Money Magazine is currently running a poll seeking responses to a simple question, “Do you love your job?” The multiple choice answers reveal an interesting result, especially when you consider the percentages of the votes tallied so far:
- Yes, it’s interesting and pays well. (38%)
- Not really, but I’m glad I’ve got a job. (33%)
- No, I’d switch careers in a second. (16%)
- I wish I did. I’m unemployed. (14%)https://iwealthsystems.wpengine.com/wp-admin/post.php?post=8634&action=edit
In this group of 34,091 readers of Money Magazine to date, the unemployment rate is 14%. The national rate is currently 9.1%, which reportedly consists of 8.3% of women and 9.3% of men over the age of 16. (Source: Bureau of Labor Statistics).
Why is job growth lagging?
One reason for the jobless recovery is “the remarkable story of continuously rising U.S. worker productivity, “says. The pattern was a godsend during the 2007-2009 recession, because it allowed businesses to “maintain output despite layoffs.” The “downside” of higher productivity is that it has “delayed job creation,” but don’t worry — after the “longest period of ‘rightsizing’ in decades,” most companies can’t get any leaner, so they’ll have to start hiring as soon as sales pick up. (Source: TheWeek.com)
The fact is the U.S. needs to add nearly 17 million jobs to get back on track. That total number would equate to 280,000 each month for the next five years!
Even if you are employed, it’s still a difficult situation. Wages aren’t rising, but the cost of living is.
As Phil Izzo wrote in The Wall Street Journal, “If prices are going up but workers aren’t getting paid more, it spells good news for companies who can keep labor costs low, but suggests continued struggles for consumers.”
That’s why the U.S. needs you — entrepreneurs starting new small businesses.
Historically, small business provides the majority of all jobs in the U.S. In fact, small business has created about two of every three net new jobs since at least the early 1970s. Obviously, this number is not the same year to year. The proportion changes with the business cycle.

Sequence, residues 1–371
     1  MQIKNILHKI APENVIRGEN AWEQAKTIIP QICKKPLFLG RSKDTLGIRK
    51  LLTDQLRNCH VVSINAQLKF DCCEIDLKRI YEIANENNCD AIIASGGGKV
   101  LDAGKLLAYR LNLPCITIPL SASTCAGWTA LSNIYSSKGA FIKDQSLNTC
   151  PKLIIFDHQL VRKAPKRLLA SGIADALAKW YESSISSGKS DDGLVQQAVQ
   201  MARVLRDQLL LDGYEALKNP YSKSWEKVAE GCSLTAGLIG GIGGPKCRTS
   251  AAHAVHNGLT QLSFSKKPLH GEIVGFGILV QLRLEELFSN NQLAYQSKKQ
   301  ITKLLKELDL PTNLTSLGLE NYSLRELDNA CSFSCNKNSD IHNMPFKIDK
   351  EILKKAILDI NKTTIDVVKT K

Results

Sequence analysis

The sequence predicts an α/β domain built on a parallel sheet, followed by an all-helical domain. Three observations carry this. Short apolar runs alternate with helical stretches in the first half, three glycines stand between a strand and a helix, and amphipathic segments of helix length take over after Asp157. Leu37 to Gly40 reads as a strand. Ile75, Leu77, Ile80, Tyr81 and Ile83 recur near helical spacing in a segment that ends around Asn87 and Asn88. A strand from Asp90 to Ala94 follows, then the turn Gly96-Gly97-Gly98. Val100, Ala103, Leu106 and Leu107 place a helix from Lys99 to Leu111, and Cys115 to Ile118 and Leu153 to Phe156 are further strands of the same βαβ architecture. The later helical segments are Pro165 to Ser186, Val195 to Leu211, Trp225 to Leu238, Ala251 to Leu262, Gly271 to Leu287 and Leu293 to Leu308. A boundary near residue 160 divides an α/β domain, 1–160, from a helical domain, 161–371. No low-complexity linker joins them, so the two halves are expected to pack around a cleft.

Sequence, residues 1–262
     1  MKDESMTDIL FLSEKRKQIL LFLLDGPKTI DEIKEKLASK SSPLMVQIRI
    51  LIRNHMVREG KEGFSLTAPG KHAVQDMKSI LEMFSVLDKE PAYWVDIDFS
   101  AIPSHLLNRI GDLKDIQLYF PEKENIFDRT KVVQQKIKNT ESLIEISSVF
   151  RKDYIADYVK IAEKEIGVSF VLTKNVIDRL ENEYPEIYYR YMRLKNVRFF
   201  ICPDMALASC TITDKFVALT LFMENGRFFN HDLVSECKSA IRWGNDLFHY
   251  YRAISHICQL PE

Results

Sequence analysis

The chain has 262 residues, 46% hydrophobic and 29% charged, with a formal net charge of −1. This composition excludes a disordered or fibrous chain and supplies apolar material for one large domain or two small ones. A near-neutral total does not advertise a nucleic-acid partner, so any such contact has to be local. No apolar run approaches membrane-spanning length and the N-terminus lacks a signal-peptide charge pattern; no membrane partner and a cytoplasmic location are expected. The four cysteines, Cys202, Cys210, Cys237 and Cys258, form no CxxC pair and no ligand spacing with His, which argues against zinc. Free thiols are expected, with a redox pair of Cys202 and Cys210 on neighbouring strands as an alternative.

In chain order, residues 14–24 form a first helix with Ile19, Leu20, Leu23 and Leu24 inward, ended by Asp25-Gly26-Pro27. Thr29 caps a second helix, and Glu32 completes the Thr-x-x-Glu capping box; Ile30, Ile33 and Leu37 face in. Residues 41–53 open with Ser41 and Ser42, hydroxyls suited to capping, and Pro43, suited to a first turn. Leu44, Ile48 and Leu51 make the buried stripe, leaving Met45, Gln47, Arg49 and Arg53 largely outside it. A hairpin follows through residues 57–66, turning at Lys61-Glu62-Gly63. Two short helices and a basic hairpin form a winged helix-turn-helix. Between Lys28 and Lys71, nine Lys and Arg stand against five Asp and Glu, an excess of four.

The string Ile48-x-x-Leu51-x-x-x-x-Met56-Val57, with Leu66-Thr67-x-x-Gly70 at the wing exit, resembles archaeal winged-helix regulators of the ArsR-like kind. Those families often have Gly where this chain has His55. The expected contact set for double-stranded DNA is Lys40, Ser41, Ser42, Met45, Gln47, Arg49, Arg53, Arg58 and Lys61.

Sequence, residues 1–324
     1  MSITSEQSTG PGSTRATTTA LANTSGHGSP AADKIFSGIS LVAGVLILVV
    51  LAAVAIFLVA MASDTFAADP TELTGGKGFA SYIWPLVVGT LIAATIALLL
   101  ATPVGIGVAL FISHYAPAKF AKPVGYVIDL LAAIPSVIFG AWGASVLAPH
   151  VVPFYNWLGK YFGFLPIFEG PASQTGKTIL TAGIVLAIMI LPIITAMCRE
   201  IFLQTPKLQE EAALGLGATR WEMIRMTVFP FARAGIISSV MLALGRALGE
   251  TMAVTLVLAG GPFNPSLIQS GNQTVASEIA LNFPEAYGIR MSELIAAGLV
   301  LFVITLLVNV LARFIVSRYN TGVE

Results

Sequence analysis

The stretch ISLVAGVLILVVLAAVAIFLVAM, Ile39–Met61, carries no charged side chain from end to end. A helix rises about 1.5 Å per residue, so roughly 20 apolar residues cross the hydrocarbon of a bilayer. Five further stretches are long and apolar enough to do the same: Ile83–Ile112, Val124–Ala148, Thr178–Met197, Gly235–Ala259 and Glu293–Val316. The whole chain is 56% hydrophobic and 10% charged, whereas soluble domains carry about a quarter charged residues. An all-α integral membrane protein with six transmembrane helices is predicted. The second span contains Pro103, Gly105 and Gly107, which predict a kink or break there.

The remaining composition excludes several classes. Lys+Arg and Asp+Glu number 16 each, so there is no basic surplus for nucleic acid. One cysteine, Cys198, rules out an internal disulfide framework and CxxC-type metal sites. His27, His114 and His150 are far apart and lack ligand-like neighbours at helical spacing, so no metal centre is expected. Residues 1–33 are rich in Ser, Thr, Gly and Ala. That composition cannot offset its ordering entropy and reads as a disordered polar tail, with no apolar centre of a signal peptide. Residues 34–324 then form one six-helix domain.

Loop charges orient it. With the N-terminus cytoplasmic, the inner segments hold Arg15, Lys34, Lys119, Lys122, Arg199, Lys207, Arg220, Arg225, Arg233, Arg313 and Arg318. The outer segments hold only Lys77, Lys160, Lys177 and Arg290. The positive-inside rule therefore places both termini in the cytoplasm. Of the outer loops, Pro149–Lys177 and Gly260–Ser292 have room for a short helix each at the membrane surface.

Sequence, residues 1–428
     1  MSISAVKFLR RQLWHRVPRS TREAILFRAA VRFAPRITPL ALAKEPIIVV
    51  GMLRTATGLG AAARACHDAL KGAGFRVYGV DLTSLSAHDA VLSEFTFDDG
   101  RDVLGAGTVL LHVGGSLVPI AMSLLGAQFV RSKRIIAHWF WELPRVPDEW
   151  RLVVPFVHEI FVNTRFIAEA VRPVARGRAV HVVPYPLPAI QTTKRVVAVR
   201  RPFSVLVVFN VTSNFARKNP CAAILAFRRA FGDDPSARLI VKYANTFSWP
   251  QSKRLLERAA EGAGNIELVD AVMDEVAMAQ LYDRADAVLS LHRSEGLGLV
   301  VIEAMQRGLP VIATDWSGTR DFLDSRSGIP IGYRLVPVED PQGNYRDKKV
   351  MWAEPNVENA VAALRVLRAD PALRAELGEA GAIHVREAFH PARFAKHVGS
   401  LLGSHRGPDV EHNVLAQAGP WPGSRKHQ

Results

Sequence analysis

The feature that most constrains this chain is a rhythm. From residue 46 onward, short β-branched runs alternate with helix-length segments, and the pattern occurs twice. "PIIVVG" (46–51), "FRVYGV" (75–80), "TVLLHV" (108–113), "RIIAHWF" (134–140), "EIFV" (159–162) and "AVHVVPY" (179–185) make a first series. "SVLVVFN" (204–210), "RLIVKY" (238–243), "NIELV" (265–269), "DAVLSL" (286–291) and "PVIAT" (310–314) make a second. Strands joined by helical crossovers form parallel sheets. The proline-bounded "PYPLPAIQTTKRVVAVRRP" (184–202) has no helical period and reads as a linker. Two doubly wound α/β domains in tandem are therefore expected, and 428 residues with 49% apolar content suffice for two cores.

Large businesses tend to have much larger swings in employment over the business cycle than smaller firms. Therefore, during economic expansions (good times), small business’s share of net new jobs falls relatively; during economically difficult times, small business’s share of net new jobs grows relatively.
The important point is not the number of jobs small businesses creates. It’s the number of net new jobs, meaning the number of jobs created minus the number of jobs lost.
So if small business generally adds two thirds of net new jobs, we, as entrepreneurs should be able to add 11,390,000 of those 17 million jobs needed!
Whether you hire employees, contract more services or choose to outsource tasks, you’re helping America’s economy grow.
Let’s pull together to get the economy back on its feet!
Starting a business? Ready to grow your business? We’re here to help.
What questions do you have? Where are the roadblocks for you? What do you need help with?